Siene Eberhardt has reason to notice every truck she sees on the road.
"It scares me. If I drive on the road and see a truck that just happened to be there, I will speed up just to get away from it," she told the Contact 5 Investigators.
Her fear stems from a deadly crash on August 17, 2001.
"The last time I saw him, he was wearing his uniform to for work that day," describes Eberhardt, seated next to her attorney, Ted Leopold of Leopold Law in Palm Beach Gardens.
By 1:30 the next morning, Siene's husband, Donald Eberhardt Jr. was headed home from his shift as a Riviera Beach police officer. He would never make it home.
Siene remembers a knock on the door early that morning.
"They said there's been an accident. I thought it was maybe, he got shot."
Officer Eberhardt's wife would learn her husband had crashed into the back of a semi-truck that was illegally parked on Blue Heron Boulevard.
But what killed him was an old, rusted out underride guard that collapsed when it was hit.
Without the guard, Eberhardt's car slid underneath more than 12,000 pounds of steel, shredding its roof to pieces.
"All I asked when they told me was if I could please see him, they said no."
Upon impact, Officer Eberhardt was traveling no more than 33 miles per hour.
Underride guards are required on most big trucks. The steel guard is designed to protect drivers from sliding underneath the back of a semi in the event of a collision. Turns out, they're not always there, and when they are, inspection reports show some are in such bad condition, they're worthless.
Major Terrie Gartner inspects commercial trucks -- and has seen plenty of underride guards that are over the top.
"It might have this part missing, bent in. You see strange things like a wire holding it up," he explains.
According to data provided to the Contact 5 Investigators, last year about a half dozen companies between Palm Beach and Indian River County were cited for having underride issues.
Around the same time, the Insurance Institute for Highway Safety took the issue of underride guards head on. In a series of crash tests, the IIHS proved even those guards fully intact and up to date fail and can kill.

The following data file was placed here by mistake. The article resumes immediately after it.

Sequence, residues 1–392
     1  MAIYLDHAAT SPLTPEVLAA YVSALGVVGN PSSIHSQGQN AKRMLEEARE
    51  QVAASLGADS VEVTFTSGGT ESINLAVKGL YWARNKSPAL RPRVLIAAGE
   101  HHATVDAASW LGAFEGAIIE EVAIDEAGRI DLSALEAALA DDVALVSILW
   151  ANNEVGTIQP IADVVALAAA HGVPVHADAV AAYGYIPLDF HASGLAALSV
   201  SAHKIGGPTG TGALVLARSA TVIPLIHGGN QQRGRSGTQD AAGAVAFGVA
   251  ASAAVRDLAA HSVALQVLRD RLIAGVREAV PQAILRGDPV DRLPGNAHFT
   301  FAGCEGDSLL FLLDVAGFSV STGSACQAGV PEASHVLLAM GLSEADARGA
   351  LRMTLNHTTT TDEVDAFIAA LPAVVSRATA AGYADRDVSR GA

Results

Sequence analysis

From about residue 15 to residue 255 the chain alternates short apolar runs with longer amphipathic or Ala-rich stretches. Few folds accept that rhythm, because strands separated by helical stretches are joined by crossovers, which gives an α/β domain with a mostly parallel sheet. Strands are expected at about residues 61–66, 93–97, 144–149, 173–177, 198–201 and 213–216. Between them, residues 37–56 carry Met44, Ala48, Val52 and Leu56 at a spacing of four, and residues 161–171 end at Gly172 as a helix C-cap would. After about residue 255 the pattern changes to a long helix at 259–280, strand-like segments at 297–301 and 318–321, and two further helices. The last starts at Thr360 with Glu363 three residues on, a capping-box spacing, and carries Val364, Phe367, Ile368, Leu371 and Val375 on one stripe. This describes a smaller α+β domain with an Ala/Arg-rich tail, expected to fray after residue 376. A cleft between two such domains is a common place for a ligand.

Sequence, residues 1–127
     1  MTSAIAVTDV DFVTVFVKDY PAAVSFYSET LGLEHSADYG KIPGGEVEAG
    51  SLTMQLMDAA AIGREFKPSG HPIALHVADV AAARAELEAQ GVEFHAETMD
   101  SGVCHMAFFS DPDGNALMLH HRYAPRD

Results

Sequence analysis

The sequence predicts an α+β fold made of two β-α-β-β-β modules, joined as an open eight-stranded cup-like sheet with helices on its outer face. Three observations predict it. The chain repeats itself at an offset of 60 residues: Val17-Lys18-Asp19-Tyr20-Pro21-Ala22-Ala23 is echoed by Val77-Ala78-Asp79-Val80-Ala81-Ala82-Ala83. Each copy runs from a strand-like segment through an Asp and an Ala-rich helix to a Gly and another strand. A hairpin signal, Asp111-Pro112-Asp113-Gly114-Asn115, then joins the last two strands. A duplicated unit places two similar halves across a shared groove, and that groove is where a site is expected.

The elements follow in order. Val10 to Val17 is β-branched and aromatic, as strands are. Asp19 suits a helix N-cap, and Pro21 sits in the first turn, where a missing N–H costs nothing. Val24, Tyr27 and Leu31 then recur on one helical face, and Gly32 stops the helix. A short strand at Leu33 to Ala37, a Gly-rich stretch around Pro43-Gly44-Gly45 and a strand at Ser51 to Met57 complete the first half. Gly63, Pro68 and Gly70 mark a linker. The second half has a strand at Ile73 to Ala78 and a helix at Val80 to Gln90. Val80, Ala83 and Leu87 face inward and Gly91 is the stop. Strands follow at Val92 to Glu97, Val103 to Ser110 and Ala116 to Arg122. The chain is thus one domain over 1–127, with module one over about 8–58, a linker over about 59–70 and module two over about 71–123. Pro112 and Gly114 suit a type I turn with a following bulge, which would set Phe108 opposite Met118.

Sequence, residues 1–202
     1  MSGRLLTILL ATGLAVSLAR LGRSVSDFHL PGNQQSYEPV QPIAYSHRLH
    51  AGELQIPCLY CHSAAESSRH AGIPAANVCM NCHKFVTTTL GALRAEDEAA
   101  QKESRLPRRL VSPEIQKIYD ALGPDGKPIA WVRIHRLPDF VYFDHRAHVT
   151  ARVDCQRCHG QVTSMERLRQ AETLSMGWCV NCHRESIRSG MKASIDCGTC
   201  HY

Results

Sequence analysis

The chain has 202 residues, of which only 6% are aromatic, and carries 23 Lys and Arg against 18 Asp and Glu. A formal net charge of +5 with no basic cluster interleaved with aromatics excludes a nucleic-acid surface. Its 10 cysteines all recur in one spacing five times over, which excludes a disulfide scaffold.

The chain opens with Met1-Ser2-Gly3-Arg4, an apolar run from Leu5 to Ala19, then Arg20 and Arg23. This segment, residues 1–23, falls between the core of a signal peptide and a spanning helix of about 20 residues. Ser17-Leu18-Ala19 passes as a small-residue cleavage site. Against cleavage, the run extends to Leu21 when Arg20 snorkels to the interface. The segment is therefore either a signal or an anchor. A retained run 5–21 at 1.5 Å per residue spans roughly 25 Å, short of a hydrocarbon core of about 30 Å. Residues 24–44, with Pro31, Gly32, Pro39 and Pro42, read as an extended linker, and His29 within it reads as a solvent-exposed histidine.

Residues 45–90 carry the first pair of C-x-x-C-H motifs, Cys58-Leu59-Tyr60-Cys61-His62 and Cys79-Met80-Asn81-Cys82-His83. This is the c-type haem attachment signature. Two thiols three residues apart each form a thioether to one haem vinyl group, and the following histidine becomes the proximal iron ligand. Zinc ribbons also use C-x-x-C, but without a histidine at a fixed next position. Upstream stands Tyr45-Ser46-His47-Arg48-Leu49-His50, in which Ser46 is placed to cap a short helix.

"Meeting the minimum requirement really isn't sufficient," explained Matthew Brumbelow a senior research engineer for IIHS.
The Institute crashed a Chevy Malibu into the back of a semi-truck equipped with an underride guard that meets current U.S. standards. Upon impact the car's roof was peeled back and its front window shattered.
Watch the full video from the IIHS crash tests below.
"This, probably, would have been a fatal accident," said Brumbelow who also said tests revealed current guards can fail in a crash test with a speed as low as 30 or 35 miles an hour."
As part of its test, the IIHS also equipped a semi with a stronger, more energy absorbent, Canadian approved, underride guard. The difference was dramatic.
"The occupants of this vehicle would have been able to walk away with very minor injuries"
The Insurance Institute is now pushing the feds to rewrite its underride standards to more rigid qualifications.
In response to the crash tests, the National Highway Traffic Safety Administration issued the following statement:
"NHTSA is well aware of the scope and severity of the truck underride issue, and first identified the need to strengthen underride performance in rear corner impact crashes in 2009. Since then, we have been conducting an in-depth field analysis to determine how we can improve that standard to save lives. The driving public should know that we are already actively working to address the issues raised in IIHS's report and that their safety will always be our top priority."
If changes are approved, it will be too late for Officer Eberhardt who left behind two children he never really knew and a wife who will never forget.
"All I see is him under that truck."
WPTV Investigative Producer Lynn Walsh contributed to this story.
Photos provided by Leopold Law.